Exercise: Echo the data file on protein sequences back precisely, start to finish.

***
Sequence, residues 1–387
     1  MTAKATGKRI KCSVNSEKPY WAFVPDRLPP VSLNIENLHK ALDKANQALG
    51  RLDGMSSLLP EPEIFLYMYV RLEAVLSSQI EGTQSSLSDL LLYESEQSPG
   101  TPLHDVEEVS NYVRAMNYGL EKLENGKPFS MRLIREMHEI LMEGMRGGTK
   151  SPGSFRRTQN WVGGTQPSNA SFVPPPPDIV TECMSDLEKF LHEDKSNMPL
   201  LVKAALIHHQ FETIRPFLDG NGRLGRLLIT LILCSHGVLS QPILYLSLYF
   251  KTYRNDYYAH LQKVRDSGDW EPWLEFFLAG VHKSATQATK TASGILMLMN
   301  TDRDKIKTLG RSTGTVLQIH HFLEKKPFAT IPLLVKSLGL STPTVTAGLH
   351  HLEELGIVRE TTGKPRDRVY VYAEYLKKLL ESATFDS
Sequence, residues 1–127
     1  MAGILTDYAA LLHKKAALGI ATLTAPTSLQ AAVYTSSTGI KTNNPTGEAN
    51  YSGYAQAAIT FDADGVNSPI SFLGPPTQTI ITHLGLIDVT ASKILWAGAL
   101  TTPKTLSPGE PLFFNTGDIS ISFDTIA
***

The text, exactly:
Sequence, residues 1–387
     1  MTAKATGKRI KCSVNSEKPY WAFVPDRLPP VSLNIENLHK ALDKANQALG
    51  RLDGMSSLLP EPEIFLYMYV RLEAVLSSQI EGTQSSLSDL LLYESEQSPG
   101  TPLHDVEEVS NYVRAMNYGL EKLENGKPFS MRLIREMHEI LMEGMRGGTK
   151  SPGSFRRTQN WVGGTQPSNA SFVPPPPDIV TECMSDLEKF LHEDKSNMPL
   201  LVKAALIHHQ FETIRPFLDG NGRLGRLLIT LILCSHGVLS QPILYLSLYF
   251  KTYRNDYYAH LQKVRDSGDW EPWLEFFLAG VHKSATQATK TASGILMLMN
   301  TDRDKIKTLG RSTGTVLQIH HFLEKKPFAT IPLLVKSLGL STPTVTAGLH
   351  HLEELGIVRE TTGKPRDRVY VYAEYLKKLL ESATFDS
Sequence, residues 1–127
     1  MAGILTDYAA LLHKKAALGI ATLTAPTSLQ AAVYTSSTGI KTNNPTGEAN
    51  YSGYAQAAIT FDADGVNSPI SFLGPPTQTI ITHLGLIDVT ASKILWAGAL
   101  TTPKTLSPGE PLFFNTGDIS ISFDTIA